The Anglo Caribbean refers to the former British colonies of the Caribbean region. They are English – speaking countries. The Anglophone Caribbean was colonized by the United Kingdom. Colonialism has left its lasting mark on the Caribbean states in terms of race and social stratification. The Caribbean society is full of class consciousness and struggle is always defined by race. The Caribbean is identified by whites, Blacks and Brown. Beside race, an individual’s social beliefs and cultural associations define classification.
Fifty years after independence hostility still exists between the browns and blacks who were oppressed during colonial times. One of the pioneers of Black Nationalist movement, Marcus Garvey pointed out that an attitude of jealously and inferiority holds them back from being empowered (John, McLeod, 2007:1-10).
Decolonization process refers to the undoing of colonialism. The process of decolonization is related to the historiography of decolonization. The epoch of decolonization is divided in three phases. The first phase corresponds to the period prior to 1930’s. It is the time where there was slow movement towards more representative government.
The second phase was between 1934-1962 when the labor rebellions put democracy and set government on the agenda and the process of constitutional decolonization developed. While the third phase, of decolonization, was between 1962-1980’s during which all colonies gained independence from the United Kingdom. The decolonization process in Caribbean has been uneven, therefore, resulting in subdivision of the territories into two, broader categories that are Aricom states and Semi independent states of Haiti. (John, McLeod, 2000:25-56)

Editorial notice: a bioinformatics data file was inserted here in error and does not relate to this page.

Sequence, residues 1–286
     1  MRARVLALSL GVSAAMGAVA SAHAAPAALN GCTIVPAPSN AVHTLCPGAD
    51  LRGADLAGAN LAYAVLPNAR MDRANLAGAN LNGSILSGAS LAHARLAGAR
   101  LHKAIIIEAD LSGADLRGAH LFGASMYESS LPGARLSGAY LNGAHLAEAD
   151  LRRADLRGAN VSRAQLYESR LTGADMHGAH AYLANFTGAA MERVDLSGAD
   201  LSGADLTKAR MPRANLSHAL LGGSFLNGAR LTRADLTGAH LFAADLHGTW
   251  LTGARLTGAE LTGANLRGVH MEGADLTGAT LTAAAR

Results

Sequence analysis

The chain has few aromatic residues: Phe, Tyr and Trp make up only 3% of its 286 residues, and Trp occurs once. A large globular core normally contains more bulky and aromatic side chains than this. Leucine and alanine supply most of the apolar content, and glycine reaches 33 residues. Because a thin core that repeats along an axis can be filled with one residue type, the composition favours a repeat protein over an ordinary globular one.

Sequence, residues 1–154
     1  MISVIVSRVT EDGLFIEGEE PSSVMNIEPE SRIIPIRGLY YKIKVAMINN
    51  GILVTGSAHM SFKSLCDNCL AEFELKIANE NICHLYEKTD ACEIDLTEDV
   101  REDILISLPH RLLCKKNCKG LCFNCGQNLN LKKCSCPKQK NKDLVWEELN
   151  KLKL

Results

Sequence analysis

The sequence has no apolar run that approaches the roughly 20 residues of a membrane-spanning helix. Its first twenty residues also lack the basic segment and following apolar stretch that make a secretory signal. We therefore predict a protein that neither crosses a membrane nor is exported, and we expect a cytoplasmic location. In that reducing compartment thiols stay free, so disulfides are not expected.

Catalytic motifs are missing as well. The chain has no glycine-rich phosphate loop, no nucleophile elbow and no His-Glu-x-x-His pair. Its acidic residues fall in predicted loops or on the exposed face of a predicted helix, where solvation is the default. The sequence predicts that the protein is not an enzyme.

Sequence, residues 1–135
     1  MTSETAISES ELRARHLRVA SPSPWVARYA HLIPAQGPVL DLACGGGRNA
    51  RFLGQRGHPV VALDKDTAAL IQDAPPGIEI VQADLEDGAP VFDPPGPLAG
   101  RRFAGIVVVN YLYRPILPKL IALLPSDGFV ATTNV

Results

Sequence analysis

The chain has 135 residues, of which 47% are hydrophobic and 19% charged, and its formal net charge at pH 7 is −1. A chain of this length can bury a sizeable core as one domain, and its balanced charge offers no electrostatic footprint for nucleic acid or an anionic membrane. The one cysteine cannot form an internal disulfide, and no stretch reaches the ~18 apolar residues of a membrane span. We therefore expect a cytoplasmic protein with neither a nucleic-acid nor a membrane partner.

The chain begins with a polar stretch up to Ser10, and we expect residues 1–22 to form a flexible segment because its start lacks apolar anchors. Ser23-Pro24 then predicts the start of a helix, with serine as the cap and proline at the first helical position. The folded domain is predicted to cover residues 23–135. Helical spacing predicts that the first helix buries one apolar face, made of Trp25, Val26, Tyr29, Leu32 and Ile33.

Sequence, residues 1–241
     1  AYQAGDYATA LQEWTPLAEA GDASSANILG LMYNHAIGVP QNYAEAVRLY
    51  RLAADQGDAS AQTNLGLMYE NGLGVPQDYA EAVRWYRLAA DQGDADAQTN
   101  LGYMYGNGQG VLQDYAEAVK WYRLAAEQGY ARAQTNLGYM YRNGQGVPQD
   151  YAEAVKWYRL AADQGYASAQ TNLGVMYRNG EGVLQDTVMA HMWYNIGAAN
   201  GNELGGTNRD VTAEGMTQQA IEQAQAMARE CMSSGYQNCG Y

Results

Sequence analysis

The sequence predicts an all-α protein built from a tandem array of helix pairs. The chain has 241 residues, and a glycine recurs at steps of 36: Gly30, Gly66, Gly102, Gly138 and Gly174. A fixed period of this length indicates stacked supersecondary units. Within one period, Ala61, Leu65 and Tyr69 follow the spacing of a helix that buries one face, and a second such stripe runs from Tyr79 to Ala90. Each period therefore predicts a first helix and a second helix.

Economically, Caribbean is almost totally dependent on foreign aid, corporate capital and technology especially from USA. Majority of the states continues to languish in poverty. Poverty in this region has been caused by the inheritance of the colonial economic policy. They inherited the plantation farming which is believed to be the genesis of their problems. The plantation economy has left the countries under-developed, dependent, and flattering on the edge of the capitalist system. The prices of raw materials are always determined in the world market hence the region has got no say on its products that fetch very little.
The road to decolonization is not easy. Apart from the flag independence, the Anglo Caribbean has achieved very little in terms of decolonization. The process of decolonization must go beyond political decolonization. Social and economic decolonization is important because the region is not yet economical independent.
John, McLeod Rout ledge companion to postcolonial studies. New York: Routledge, 2007.
John McLeod Beginning post colonialism. Manchester University Press, 2000